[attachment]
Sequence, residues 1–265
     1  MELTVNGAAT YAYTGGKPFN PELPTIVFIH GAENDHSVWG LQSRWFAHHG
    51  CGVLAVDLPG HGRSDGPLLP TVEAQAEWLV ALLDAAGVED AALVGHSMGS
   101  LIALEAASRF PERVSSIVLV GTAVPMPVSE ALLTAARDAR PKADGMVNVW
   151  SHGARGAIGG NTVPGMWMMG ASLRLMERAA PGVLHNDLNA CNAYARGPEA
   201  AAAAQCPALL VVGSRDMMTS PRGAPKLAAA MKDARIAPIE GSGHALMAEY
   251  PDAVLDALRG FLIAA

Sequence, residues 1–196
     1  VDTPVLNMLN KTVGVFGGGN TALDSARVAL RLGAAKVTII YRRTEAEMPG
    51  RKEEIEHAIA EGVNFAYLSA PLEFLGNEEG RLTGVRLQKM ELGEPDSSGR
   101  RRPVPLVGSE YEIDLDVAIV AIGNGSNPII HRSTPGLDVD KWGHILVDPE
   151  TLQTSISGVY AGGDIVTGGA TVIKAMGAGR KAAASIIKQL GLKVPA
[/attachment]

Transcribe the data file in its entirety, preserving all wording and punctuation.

Sequence, residues 1–265
     1  MELTVNGAAT YAYTGGKPFN PELPTIVFIH GAENDHSVWG LQSRWFAHHG
    51  CGVLAVDLPG HGRSDGPLLP TVEAQAEWLV ALLDAAGVED AALVGHSMGS
   101  LIALEAASRF PERVSSIVLV GTAVPMPVSE ALLTAARDAR PKADGMVNVW
   151  SHGARGAIGG NTVPGMWMMG ASLRLMERAA PGVLHNDLNA CNAYARGPEA
   201  AAAAQCPALL VVGSRDMMTS PRGAPKLAAA MKDARIAPIE GSGHALMAEY
   251  PDAVLDALRG FLIAA

Sequence, residues 1–196
     1  VDTPVLNMLN KTVGVFGGGN TALDSARVAL RLGAAKVTII YRRTEAEMPG
    51  RKEEIEHAIA EGVNFAYLSA PLEFLGNEEG RLTGVRLQKM ELGEPDSSGR
   101  RRPVPLVGSE YEIDLDVAIV AIGNGSNPII HRSTPGLDVD KWGHILVDPE
   151  TLQTSISGVY AGGDIVTGGA TVIKAMGAGR KAAASIIKQL GLKVPA